Neanderthals (Homo neanderthalensis) diverged from the modern human (Homo sapiens) lineage ~600,000 years ago in southeast Africa. This diagram should be helpful to “see” the various branches of the Homo tree [https://3c1703fe8d.site.internapcdn.net/newman/gfx/news/hires/2016/neanderthals.jpg]:
Interbreeding between Neanderthals and early modern humans appears likely to have occurred in the time from less than ~200,000 years ago, almost up until the time of Neaderthal extinction (which occurred in what is now Europe, ~25,000 years ago). In the genomes of present-day non-Africans, this interbreeding has resulted in ~2% Neanderthal DNA. This Neanderthal DNA can have both positive and negative effects. Together with the rapid decrease in Neanderthal ancestry after introgression, depletion of Neanderthal DNA around functional genomic elements in present-day human genomes suggests that a large fraction of Neanderthal alleles (defined as a gene or DNA segment on at least one chromosome of the chromosome pair) are deleterious to us modern humans. However, recent studies have also identified a number of introgressed Neanderthal alleles that have increased in frequency in modern humans and which might contribute to genetic adaptation to new environmental signals: adaptive variants in genes associated with immunity, skin and hair pigmentation, and metabolism have been identified.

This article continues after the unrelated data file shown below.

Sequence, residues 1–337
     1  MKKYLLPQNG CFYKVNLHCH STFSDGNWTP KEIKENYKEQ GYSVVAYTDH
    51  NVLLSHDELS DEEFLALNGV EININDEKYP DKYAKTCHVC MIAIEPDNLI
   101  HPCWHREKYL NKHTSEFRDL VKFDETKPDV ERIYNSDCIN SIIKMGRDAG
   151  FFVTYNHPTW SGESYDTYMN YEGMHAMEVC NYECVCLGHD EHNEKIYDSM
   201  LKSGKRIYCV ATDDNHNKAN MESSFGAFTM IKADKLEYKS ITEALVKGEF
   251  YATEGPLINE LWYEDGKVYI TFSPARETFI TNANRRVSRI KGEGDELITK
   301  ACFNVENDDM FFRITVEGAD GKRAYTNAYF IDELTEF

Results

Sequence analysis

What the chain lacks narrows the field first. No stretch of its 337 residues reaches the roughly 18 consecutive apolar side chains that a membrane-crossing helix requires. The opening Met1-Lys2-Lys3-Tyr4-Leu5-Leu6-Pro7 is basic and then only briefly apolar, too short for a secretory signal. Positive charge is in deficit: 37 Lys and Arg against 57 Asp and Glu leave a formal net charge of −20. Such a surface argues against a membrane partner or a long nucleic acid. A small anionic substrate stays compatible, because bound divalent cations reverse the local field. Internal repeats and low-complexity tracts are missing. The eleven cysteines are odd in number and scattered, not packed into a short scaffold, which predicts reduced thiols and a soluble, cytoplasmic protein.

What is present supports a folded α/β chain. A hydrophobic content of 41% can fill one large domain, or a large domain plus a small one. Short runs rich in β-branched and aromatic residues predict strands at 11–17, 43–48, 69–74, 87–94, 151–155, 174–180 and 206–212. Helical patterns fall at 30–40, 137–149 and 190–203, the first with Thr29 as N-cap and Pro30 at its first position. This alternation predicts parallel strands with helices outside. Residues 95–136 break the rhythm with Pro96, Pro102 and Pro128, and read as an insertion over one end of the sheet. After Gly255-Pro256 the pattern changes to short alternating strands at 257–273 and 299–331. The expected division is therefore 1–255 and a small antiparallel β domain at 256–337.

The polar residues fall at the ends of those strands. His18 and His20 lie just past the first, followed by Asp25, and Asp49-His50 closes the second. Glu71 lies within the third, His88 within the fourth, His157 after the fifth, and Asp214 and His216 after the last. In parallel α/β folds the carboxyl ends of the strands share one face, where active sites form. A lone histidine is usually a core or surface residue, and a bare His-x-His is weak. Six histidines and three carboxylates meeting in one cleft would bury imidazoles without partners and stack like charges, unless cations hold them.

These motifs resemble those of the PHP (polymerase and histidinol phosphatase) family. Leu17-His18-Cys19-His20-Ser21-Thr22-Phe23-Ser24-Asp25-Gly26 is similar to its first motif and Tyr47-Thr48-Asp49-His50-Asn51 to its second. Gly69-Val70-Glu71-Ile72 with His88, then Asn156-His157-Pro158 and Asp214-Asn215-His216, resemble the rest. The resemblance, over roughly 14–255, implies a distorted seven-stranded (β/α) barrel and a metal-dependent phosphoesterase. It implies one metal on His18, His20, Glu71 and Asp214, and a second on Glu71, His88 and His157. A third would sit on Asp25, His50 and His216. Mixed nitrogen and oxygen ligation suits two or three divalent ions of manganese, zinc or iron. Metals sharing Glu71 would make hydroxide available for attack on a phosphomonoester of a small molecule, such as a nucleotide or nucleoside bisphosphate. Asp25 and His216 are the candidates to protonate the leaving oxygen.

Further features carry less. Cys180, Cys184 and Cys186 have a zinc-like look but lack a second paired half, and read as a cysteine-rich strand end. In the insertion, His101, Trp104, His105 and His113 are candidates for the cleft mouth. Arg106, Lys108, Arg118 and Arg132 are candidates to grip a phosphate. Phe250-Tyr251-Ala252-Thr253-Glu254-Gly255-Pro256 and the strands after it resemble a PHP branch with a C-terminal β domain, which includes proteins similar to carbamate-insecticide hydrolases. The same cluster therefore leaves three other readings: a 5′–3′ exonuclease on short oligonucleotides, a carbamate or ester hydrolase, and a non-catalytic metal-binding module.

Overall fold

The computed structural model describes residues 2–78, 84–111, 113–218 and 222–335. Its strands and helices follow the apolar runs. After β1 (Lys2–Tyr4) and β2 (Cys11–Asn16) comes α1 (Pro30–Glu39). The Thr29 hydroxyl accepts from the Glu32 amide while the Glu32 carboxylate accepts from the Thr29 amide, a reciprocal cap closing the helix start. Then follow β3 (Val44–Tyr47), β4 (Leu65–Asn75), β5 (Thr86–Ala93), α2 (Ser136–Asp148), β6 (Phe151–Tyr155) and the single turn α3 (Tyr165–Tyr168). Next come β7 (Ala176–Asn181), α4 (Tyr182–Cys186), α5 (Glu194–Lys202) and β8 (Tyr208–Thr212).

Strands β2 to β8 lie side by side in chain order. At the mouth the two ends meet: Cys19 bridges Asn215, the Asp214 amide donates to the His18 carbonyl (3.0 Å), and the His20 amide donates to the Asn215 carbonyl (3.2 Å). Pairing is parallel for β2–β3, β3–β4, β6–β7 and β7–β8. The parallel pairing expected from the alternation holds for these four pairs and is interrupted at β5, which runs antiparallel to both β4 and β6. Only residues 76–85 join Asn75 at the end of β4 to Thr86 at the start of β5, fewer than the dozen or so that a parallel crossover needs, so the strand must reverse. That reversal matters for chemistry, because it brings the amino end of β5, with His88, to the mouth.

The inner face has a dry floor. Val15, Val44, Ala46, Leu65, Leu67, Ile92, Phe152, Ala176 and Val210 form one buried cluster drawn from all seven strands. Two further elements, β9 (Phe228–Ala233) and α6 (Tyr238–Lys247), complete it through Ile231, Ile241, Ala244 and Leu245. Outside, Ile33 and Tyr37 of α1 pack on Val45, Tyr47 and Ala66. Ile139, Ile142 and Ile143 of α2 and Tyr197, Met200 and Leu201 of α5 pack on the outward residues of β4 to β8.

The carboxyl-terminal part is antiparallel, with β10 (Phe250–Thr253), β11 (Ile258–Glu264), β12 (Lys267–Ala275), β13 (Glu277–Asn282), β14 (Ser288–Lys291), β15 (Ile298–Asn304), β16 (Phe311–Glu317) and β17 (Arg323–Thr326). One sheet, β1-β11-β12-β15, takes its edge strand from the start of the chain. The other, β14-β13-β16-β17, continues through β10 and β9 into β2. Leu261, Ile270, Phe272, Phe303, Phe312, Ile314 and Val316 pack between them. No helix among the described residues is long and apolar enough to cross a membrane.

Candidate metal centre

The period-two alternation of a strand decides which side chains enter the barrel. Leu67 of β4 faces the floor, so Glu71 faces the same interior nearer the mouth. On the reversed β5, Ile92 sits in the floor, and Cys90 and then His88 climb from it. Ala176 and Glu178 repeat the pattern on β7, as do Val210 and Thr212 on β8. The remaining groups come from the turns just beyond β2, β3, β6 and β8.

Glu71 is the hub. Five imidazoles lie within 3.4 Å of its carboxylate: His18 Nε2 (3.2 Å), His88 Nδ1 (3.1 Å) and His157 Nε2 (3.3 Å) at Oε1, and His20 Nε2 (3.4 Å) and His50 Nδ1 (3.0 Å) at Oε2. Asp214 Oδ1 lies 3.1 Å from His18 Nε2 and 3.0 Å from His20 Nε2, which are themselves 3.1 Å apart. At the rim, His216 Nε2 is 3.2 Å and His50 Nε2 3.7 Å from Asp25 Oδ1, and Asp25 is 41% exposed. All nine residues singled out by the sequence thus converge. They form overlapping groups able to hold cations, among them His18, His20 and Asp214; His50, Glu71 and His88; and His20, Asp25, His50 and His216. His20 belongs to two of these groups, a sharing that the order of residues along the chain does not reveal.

The majority of Neanderthal alleles in the genomes of modern humans today are, however, not strongly adaptive and are therefore present at low frequencies (<2%) in present-day populations. To date, the number of individuals for whom genotype and phenotype information is available has been limited, making it difficult to study archaic alleles that are at such low frequencies or to link them to phenotypic variation (showing different traits). A recent study [Science 2o16; 351: 737–741] used the electronic medical records (EMRs) and genotypes of 28,000 individuals to address the contribution of these less frequent Neanderthal alleles to clinical traits in modern humans. That study showed a large number of Neanderthal variants at different loci influence risk of a number of disease traits –– including depression, skin lesions, and blood-clotting disorders, and that Neanderthals contributed both risk alleles and protective alleles for these traits. However, evaluating the broader contribution of Neanderthals to common phenotypic variation in modern humans, or inferring Neanderthal phenotypes, has not been possible, largely because of the limited number of studies that collect genotype data together with common phenotype information. In addition to collecting genotype data via a custom genotyping array, the UK Biobank has collected baseline phenotypes, including traits related to physical appearance, diet, sun exposure, and behavior, as well as disease, for more than 500,000 people. A pilot dataset including genotypes and phenotypes for more than 150,000 of these individuals was recently made available for study. Using these data, authors [see attached] studied the contribution of Neanderthals to common human phenotypic variation in 112,338 individuals from the UK Biobank –– to determine the set of traits to which Neanderthals have contributed and to evaluate relative contribution of archaic and non-archaic alleles to common phenotypic variation in modern humans. Authors found that Neanderthal DNA affects skin tone, hair color, height, sleeping patterns, mood, and smoking status in present-day Europeans. Intriguingly, multiple Neanderthal alleles at different loci contribute to skin and hair color in present-day Europeans: these alleles contribute to both lighter and darker skin tones and hair color. These data suggest that Neanderthals themselves were most likely variable in these traits.